I was out to dinner with some new friends at an amazing Chinese restaurant in West Berlin earlier this week when a discussion came up with one of the guests who is an engineer from Ableton and he dropped a new term I hadn’t heard – Technical Debt. It was one of those words I’d never heard but could guess with 80% accuracy what it was about and so we kept going through the conversation. Still, my curiosity was alive and like a catchy pop song that was stuck in my head, I had to look it up the next morning.
Without reposting the wikipedia definition entirely, and saving you the trouble of opening a new window I’ll just describe it as the consequence in software development from cutting corners to save time, money, or better code etc. –whether you know it or not. And also worth adding to that summary is the interest which accumulates with technical debt the longer you let those compromises live on in your code base.
Upon looking it up I realized technical debt basically encompasses the concept behind so many discussions, project outlines, scrums, requirement documentations, etc., over my years of working in technology. It identifies the phenomenon that occurs so often in product development and yet without having a name all this time, I feel like something was lost. Without being able to describe the pain and draw backs that would come with compromises, and also the interest that would compile over time, I think fewer negotiations were won, and more debt was created, and some projects were less successful as a result.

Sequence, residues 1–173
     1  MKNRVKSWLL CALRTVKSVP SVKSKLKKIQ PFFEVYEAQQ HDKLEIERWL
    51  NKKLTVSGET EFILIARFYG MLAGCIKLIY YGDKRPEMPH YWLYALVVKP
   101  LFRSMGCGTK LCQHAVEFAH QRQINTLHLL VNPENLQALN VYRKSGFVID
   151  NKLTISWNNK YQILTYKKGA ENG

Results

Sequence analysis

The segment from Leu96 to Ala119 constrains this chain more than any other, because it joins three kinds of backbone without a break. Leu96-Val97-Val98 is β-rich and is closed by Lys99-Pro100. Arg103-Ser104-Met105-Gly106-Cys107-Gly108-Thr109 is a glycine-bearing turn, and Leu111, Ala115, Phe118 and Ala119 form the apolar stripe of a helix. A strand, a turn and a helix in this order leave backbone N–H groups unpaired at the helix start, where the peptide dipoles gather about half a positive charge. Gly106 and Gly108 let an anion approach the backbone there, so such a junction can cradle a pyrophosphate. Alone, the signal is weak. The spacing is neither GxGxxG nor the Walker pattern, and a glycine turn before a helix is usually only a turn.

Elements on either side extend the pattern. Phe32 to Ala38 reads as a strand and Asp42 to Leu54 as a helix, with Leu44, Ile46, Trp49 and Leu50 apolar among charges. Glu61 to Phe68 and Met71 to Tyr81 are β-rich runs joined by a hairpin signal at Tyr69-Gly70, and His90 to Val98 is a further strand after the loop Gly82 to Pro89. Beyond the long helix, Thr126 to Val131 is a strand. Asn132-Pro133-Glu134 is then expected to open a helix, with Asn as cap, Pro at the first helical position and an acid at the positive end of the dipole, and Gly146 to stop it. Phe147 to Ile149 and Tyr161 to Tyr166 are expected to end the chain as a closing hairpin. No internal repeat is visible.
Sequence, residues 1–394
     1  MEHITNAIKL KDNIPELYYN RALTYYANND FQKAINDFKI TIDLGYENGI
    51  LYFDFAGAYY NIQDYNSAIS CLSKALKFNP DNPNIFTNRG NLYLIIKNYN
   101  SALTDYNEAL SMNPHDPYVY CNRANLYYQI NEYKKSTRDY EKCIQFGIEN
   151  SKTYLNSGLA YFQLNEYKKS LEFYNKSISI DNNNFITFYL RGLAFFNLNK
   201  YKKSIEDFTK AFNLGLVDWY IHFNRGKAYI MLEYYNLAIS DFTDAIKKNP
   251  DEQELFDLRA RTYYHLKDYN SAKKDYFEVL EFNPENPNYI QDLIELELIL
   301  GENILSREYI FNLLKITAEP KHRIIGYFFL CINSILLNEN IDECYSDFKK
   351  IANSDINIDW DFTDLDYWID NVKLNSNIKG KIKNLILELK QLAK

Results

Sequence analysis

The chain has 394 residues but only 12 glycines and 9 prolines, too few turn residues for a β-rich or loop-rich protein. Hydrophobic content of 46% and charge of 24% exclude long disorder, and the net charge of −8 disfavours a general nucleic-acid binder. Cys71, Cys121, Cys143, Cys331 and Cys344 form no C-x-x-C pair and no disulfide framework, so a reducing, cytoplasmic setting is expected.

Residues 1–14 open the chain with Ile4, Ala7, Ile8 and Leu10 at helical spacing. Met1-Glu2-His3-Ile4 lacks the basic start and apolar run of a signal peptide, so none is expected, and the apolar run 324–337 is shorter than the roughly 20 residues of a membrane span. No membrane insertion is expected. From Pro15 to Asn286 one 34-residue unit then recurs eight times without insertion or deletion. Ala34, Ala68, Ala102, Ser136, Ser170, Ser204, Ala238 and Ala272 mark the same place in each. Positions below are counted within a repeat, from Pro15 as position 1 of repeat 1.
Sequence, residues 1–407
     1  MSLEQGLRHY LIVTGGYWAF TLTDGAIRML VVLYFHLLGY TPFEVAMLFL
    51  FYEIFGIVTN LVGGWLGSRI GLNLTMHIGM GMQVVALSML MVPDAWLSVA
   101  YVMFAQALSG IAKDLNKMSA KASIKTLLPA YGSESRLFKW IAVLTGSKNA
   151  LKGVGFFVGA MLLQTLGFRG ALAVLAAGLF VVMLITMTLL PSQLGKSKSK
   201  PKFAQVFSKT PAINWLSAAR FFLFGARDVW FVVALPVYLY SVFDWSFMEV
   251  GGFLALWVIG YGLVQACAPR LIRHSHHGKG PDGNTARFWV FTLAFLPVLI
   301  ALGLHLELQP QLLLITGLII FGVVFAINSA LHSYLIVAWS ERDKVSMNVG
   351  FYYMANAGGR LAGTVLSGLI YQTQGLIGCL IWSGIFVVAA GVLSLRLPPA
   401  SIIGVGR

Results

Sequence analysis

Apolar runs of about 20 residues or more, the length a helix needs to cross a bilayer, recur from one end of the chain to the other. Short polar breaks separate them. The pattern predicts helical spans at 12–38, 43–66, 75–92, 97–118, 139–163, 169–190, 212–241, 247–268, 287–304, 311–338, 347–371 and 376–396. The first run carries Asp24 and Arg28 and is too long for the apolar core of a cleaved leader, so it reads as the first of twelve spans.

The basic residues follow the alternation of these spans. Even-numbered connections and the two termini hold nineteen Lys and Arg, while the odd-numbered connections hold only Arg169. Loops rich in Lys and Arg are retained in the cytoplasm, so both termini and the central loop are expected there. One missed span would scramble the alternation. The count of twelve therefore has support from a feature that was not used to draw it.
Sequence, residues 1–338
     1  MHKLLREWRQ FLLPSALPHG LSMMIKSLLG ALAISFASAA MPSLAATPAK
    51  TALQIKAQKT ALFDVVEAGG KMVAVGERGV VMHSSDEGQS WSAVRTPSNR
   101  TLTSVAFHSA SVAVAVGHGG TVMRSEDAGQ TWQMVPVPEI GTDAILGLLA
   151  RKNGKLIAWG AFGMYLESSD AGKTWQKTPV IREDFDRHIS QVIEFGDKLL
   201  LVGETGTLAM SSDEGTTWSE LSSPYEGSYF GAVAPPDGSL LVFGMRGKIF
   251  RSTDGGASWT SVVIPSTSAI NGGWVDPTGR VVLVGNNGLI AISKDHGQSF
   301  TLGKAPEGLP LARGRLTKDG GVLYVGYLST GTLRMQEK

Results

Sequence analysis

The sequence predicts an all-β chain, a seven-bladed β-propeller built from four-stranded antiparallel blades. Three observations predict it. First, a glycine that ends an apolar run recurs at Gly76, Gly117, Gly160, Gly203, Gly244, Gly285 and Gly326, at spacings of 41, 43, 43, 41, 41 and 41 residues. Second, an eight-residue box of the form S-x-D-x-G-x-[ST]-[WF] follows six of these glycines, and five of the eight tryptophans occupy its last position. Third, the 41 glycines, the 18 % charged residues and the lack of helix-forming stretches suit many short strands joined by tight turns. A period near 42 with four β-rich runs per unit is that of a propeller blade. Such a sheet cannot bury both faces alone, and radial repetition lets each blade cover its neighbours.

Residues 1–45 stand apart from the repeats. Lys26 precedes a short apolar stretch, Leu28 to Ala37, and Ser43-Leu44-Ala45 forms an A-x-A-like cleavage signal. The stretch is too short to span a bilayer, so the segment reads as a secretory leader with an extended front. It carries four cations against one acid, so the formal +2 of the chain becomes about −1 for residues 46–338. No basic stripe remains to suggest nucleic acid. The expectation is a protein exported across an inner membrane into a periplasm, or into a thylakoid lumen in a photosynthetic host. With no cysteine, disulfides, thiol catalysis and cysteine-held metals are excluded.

Still glowing from the revelation that this term existed and so elegantly defined a large conundrum in my past; this morning, while reading an interview with Aditya Agarwal the director of product engineering at Dropbox I stumbled over a perfect example of a crossroad so many engineers, product managers, business stakeholders et al. make when choosing to go into technical debt, within the following quote:
“1) You can over-engineer a system for massive scale, putting in time-intensive processes that will make things flow smoothly.
2) You can chase rapid growth with a system constantly stretched over capacity, and accept that it will get messy.”
So what does Agarwal say about this choice? Actually, as with most things in life, he goes for a balance between option one and two, e.g moderation! Simply by saying the following “a little bit of chaos is okay”. And there you have it, use your credit card, barrow some money from mom and dad, but don’t let it get out of control, and keep paying off the balance!
This isn’t a post about what to do or why. But really just pointing out this beautiful weapon that should be in the glossary arsenal of every person connected to project management. By explaining the concept of creating debt when cutting corners you can also draw the parallel that debt creates interest, and the longer you have interest building the more weighed down you will be. So remember to make interest payments on your technical debt!